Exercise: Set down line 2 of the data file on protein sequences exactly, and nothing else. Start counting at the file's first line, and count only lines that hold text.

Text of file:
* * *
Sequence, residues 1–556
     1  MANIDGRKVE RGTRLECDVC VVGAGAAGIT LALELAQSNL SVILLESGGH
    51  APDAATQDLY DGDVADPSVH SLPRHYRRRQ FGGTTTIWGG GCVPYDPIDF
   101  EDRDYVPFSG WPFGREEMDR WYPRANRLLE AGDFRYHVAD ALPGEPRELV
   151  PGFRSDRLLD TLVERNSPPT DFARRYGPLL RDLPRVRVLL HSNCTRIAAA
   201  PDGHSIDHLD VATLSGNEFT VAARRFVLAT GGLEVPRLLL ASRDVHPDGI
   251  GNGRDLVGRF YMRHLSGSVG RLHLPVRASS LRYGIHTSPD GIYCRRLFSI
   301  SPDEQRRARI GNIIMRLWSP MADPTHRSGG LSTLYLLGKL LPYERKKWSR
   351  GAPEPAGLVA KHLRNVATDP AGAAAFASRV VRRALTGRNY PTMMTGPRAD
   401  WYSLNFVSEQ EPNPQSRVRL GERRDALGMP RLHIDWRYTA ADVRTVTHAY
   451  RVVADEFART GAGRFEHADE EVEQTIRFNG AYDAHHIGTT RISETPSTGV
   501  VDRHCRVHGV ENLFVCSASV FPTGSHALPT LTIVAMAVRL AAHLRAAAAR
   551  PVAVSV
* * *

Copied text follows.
     1  MANIDGRKVE RGTRLECDVC VVGAGAAGIT LALELAQSNL SVILLESGGH